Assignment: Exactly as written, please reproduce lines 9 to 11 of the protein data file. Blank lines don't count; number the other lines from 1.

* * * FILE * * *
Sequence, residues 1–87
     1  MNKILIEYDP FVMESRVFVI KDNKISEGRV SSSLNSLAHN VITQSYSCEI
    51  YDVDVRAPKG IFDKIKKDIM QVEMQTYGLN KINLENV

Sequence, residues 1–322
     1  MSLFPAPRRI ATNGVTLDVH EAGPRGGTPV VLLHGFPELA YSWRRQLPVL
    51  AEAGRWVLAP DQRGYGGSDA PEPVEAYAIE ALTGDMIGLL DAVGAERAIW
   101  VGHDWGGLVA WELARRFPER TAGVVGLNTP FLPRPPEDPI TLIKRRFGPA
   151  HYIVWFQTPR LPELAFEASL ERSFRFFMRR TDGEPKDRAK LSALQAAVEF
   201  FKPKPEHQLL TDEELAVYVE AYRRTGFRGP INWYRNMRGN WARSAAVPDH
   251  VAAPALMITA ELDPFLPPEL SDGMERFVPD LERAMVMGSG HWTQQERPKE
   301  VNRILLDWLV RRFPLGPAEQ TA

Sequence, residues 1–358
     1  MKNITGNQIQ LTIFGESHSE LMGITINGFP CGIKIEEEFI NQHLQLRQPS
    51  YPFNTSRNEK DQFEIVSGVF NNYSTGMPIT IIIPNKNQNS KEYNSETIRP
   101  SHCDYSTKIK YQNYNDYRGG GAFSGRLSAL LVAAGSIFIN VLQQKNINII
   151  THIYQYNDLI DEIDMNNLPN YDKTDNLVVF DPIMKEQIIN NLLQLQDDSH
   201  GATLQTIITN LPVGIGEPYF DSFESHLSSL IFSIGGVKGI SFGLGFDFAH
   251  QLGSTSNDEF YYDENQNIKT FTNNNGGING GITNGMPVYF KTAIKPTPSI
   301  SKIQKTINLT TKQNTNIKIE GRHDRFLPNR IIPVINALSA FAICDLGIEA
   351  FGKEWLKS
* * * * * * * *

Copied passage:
   201  FKPKPEHQLL TDEELAVYVE AYRRTGFRGP INWYRNMRGN WARSAAVPDH
   251  VAAPALMITA ELDPFLPPEL SDGMERFVPD LERAMVMGSG HWTQQERPKE
   301  VNRILLDWLV RRFPLGPAEQ TA